Alabama’s New Law Permits the Expungement of Criminal Records

by Ogletree, Deakins, Nash, Smoak & Stewart, P.C.

In April of 2014, the Alabama legislature approved a measure that permits the expungement of the criminal records of persons charged—but not convicted—of misdemeanors or nonviolent felonies. Governor Robert Bentley signed the bill three months ago, and the so-called “Expungement Law” went into effect on July 7, 2014.

What kinds of criminal records are affected?

Individuals can now clear their names from charges of having committed misdemeanor criminal offenses, traffic violations, or municipal ordinance violations. To expunge a record, the charged individual may petition the criminal division of the circuit court in the county in which the charge was filed, when any of the following circumstances exist:

  1. The charge was dismissed with prejudice.
  2. The charge was “no-billed” by a grand jury.
  3. The person was found not guilty of the charge.
  4. The charge was dismissed without prejudice more than two years ago, was not refiled, and the person has not been convicted of any other criminal misdemeanor or felony, any violation, or any traffic violation, excluding minor traffic violations, during the previous two years.

What about felonies?

The law only permits the expungement of nonviolent felonies in the following instances:

  1. The charge was dismissed with prejudice.
  2. The charge was “no-billed” by a grand jury.
  3. The person was found not guilty of the charge.
  4. The charge was dismissed after successful completion of a drug court program, mental health court program, diversion program, veteran’s court, or any court-approved deferred prosecution program after one year from successful completion.
  5. The charge was dismissed without prejudice over five years ago, not refiled, and the person has not been convicted of any other criminal misdemeanor or felony, any violation, or any traffic violation, excluding minor traffic violations, during the previous five years.
  6. Ninety days have passed from disposition under (1)-(3), or if the charge was nolle prossed and not refiled.

For nonviolent felonies, expungement can be a court-ordered condition of one of the listed rehabilitation programs.

How much does it cost to file a petition for expungement?

Expungement petitions require payment of a $300 administrative fee, which cannot be waived, plus court costs.

Is expungement automatic?

The district attorney may object. However, if the district attorney does not object, the court may grant the petition without a hearing.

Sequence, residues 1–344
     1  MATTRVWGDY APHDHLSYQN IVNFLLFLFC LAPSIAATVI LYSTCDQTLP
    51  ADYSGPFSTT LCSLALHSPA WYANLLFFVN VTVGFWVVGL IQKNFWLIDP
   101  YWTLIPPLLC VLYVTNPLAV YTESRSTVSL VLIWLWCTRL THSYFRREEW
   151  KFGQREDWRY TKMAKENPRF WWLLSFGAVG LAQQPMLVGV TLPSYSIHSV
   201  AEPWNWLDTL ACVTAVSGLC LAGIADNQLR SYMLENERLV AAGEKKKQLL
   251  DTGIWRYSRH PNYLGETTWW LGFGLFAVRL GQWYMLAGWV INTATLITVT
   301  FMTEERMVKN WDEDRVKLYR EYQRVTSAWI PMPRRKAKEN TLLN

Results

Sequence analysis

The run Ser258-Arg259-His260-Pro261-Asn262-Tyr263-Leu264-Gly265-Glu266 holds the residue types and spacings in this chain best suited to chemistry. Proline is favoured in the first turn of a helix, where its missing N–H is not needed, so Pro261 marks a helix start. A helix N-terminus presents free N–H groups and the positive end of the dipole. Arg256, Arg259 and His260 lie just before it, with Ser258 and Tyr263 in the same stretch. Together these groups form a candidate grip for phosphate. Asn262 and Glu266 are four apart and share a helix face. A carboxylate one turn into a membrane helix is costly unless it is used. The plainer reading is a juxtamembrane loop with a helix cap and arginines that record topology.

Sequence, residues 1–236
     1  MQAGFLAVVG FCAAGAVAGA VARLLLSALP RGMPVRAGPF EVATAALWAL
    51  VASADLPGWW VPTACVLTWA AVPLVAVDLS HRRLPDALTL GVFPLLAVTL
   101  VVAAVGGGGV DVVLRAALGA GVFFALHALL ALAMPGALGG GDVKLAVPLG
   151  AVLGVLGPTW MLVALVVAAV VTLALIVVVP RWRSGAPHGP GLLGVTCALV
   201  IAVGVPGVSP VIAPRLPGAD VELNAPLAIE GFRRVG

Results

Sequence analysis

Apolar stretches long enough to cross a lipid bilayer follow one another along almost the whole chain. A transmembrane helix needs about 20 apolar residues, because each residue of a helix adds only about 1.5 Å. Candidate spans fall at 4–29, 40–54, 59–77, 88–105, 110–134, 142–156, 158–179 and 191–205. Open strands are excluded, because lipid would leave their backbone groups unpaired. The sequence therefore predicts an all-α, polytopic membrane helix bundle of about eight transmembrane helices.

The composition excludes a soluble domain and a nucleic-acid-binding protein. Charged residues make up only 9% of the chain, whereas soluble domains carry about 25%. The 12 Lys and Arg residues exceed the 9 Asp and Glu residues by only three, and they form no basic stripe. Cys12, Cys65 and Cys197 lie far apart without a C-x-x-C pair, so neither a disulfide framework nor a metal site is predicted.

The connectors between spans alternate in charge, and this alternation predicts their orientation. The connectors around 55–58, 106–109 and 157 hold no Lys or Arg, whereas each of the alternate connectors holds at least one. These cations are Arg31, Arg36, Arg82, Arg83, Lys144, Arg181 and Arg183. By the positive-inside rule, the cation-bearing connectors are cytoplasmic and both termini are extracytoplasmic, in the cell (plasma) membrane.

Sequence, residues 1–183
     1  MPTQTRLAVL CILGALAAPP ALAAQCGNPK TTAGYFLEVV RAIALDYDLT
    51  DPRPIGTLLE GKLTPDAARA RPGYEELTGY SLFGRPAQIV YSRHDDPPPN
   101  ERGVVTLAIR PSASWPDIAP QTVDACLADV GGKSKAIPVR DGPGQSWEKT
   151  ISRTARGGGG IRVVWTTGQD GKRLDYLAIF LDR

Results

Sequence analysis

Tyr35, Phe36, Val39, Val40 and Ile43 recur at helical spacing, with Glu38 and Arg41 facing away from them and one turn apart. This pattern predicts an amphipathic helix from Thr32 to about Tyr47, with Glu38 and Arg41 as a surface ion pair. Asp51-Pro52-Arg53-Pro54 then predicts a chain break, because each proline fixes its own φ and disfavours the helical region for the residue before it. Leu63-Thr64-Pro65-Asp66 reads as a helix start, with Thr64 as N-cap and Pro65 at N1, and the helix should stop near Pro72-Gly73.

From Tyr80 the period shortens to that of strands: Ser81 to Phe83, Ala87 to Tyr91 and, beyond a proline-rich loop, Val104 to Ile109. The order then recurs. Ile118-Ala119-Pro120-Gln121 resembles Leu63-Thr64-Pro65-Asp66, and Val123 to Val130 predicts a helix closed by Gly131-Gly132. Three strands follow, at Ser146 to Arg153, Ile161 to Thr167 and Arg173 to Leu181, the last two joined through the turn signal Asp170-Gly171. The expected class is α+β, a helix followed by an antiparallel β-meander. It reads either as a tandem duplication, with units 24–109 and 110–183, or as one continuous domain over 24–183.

What happens next?

Once the court grants the petition, “the proceedings regarding the charge shall be deemed never to have occurred.” The law mandates the reply to any inquiry must be that “no record exists on the matter.” Once expunged, the Alabama Criminal Justice Information Center will archive the expunged records in a protected file.

What does this new law mean for employers?

Under the law, individuals “shall not have to disclose the fact of the record” or any matter related to it on any job or credit application. But, they have a duty to disclose the fact of the record to government regulatory or licensing agencies, utilities and their agents and affiliates, and banks or other financial institutions. Those entities then may seek inspection of the expunged records.

The statute provides immunity from civil damages liability for employers that hire, contract with, or hold any business relationship with an individual and are unaware of a criminal record due to its expungement.

Since issuing its Guidance on the Consideration of Arrest and Conviction Records in 2012, the U.S. Equal Employment Opportunity Commission (EEOC) has encouraged “individualized assessment” of applicants and employees and advised against basing employment decisions solely on the mere existence of an arrest or conviction.

But keep an eye on an important lawsuit, State of Texas v. EEOC, No. 5:13-cv-00255, pending before the U.S. District Court for the Northern District of Texas. The State of Texas has asked the court to enjoin the enforcement of the EEOC Guidance, arguing that state law prevents individuals who commit certain crimes from holding positions of public trust (e.g., in law enforcement) and that the EEOC overstepped its authority when it promulgated the Guidance. The EEOC has moved to dismiss the claim, but the court has yet to rule.

Regardless of that case’s outcome, an employee or job applicant in Alabama now has a more limited duty to disclose a misdemeanor arrest that has been expunged in the state. Employers should continue to proceed with caution when hiring, and develop background check policies that weigh business needs against possible discrimination claims.

Note: This article was published in the July 17, 2014 issue of the Alabama eAuthority.

DISCLAIMER: Because of the generality of this update, the information provided herein may not be applicable in all situations and should not be acted upon without specific legal advice based on particular situations.

© Ogletree, Deakins, Nash, Smoak & Stewart, P.C. | Attorney Advertising

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